I would like to propose that looking for resistance/dissent in japanese wartime features is like playing rock songs backward to discover secret (usually satanic) messages or trying to find "number correspondences" running through the 9-11 event. I choose these two instances because  both exercises have in fact turned up eerie phantoms that, to those inclined inclined to a belief in communications from an occult beyond, suggest something more meaningful than mere coincidence. But "meaningful" to what? The problem is the context.  In the first instance, the backward "messages" were found and served up by people who were committed to proving that rock'n roll was all part of, literally, a hellish cabal to bring the world's youth to damnation. The second had/has meaning mostly to those  who see the world as undergirded and moved by pararational forces.  To the rest of us, they're mere anomalies tweaking our curiosity and sending a satisfying chill down the spine--and then, witho!
 ut any
 meaningful context for us, they are allowed to pass off as "just one of those things"--mysterious but without any significance we can fathom 

Similarly, tweezing out covert messages of dissent, usually in the wartime works of directors whose postwar reputations were grounded on their impeccably "progressive" posture (and who therefore somehow needed to rationalize their wartime collaboration), became a cottage industry of the Aka Hata (Red Flag--the party organ of the JCP) crowd.This is what they did for Yamamoto Satsu and most especially for Imai Tadashi, who was indeed a fine social critic in his postwar work but who during the war turned his talents to some of the most egregiously blatant (evil, in fact)  propaganda projects of the time--his last film, which mercifully was suspended on August 15 1945, was an attempt to seduce Korean youths into the cockpits of kamikaze planes.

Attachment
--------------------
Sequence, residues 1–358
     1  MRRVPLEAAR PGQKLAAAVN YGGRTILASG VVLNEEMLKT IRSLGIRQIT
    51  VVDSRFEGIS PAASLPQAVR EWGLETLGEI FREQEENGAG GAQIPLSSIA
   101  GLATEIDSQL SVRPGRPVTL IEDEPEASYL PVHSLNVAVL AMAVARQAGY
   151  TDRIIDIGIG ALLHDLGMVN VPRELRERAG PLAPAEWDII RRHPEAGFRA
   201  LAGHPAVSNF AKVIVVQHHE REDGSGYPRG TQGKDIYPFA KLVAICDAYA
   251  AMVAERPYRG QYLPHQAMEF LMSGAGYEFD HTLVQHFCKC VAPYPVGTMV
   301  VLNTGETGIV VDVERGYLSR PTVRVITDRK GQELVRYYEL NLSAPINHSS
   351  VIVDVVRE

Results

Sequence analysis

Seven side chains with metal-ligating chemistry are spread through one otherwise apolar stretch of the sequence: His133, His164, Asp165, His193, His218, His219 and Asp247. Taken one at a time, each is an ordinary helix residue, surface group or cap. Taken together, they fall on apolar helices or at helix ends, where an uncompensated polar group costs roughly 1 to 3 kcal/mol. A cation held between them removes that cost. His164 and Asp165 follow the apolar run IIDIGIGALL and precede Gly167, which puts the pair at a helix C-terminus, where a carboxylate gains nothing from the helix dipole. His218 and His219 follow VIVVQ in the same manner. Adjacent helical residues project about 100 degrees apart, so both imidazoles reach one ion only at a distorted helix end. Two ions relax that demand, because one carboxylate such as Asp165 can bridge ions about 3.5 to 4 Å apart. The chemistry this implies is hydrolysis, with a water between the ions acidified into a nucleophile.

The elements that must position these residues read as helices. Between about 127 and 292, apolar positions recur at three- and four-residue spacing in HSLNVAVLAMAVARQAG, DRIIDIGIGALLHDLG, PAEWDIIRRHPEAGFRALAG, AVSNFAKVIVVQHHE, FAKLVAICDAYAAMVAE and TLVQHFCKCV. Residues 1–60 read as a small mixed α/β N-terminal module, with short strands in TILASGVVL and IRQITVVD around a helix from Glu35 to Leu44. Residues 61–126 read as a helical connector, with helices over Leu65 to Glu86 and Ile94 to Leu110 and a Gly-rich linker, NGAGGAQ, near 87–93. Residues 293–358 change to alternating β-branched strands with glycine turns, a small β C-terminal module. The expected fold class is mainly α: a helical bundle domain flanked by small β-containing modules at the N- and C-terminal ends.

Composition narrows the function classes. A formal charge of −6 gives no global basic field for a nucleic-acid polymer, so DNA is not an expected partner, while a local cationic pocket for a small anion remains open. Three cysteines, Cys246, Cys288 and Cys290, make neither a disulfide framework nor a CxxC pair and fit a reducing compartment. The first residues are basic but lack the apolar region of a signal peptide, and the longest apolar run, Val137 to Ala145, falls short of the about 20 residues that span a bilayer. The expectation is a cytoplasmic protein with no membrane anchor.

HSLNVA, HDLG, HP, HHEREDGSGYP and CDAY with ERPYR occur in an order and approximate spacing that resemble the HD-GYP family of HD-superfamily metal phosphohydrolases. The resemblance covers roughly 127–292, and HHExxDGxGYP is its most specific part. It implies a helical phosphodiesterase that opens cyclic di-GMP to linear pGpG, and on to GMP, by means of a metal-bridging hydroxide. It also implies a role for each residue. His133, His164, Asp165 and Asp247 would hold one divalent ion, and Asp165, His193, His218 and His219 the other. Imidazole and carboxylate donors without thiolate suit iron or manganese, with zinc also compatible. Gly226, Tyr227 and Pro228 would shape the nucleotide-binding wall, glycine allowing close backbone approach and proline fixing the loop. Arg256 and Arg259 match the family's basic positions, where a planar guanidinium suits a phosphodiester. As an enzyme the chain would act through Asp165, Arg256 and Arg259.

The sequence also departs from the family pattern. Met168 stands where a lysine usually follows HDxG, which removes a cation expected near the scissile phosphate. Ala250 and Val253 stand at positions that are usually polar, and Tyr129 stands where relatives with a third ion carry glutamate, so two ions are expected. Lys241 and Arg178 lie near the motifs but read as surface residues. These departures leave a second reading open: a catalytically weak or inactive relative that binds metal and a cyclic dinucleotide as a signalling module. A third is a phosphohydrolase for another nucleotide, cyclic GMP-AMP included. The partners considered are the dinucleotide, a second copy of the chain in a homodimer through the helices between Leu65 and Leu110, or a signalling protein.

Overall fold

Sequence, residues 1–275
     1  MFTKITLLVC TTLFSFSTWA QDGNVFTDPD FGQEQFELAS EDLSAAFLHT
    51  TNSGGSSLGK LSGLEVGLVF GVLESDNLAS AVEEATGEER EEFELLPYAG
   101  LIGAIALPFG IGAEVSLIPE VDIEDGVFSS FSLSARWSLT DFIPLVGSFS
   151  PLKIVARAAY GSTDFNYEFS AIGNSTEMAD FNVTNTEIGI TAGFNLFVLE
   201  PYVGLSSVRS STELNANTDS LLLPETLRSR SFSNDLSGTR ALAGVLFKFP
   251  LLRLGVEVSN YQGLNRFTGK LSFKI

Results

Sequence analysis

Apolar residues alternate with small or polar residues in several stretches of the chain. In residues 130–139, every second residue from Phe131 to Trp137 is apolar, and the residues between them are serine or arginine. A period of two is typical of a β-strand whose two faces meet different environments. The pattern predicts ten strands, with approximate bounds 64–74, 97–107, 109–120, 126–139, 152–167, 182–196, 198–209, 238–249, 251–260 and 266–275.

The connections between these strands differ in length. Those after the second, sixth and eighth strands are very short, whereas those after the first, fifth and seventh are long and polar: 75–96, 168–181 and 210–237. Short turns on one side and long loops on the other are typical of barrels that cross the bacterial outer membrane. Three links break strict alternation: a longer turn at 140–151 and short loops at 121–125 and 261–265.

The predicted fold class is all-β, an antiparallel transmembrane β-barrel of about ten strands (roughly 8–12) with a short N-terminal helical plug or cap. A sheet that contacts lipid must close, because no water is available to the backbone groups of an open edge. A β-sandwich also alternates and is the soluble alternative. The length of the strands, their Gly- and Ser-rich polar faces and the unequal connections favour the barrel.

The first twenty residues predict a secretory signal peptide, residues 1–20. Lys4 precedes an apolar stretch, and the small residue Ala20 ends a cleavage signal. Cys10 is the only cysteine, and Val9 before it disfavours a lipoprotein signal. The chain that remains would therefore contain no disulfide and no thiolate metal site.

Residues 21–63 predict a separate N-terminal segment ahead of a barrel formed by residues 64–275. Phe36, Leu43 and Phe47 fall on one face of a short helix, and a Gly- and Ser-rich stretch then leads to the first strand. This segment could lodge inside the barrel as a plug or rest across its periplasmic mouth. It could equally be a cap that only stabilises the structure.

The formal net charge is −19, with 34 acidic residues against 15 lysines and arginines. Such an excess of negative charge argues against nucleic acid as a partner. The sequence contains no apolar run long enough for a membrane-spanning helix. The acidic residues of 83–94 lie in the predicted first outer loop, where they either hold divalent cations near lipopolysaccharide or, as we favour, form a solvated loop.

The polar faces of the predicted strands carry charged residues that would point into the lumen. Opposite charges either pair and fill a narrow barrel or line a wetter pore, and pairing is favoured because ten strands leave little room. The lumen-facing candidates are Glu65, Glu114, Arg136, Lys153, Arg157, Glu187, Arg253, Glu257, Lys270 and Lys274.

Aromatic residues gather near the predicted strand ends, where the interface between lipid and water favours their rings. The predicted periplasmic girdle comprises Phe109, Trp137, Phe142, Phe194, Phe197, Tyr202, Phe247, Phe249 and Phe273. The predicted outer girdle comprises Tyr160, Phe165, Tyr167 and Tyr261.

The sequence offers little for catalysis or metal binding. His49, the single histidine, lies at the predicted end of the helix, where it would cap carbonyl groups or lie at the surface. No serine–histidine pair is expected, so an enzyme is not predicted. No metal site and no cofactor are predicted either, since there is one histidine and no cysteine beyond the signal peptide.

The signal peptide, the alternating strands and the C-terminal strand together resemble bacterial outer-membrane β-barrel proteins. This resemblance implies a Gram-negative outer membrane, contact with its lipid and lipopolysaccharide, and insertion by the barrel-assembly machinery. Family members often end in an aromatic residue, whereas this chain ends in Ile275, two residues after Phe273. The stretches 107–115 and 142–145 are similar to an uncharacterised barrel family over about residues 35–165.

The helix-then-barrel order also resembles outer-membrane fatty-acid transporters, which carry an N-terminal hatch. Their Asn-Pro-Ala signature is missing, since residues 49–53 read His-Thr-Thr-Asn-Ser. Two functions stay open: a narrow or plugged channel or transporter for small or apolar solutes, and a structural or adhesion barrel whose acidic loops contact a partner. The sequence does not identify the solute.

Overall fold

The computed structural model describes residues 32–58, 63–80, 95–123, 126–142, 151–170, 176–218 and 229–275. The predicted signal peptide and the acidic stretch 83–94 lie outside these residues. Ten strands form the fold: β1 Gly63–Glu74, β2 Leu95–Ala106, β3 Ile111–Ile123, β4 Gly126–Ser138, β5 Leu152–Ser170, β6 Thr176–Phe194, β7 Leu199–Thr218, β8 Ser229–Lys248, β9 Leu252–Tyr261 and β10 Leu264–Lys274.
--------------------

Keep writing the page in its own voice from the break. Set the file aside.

In other words, searching for such secret messages is usually an activity of those who already have a stake in finding, almost inevitably (mirabile dictu!) they do.

"Ah!" you say, "but that doesn't disqualify the objective, unaffiliated researcher from trying his hand, does it? Surely there is something to be found!"

Well, Sam, maybe there is. But how do you go about finding it?  The principals--the writers and the directors themselves, along with their trusted, usually much younger assistant directors--are almost all dead.  Yes, some of them did make claims of secret resistance before they passed on. But surely we can't swallow such self-serving statements at face value.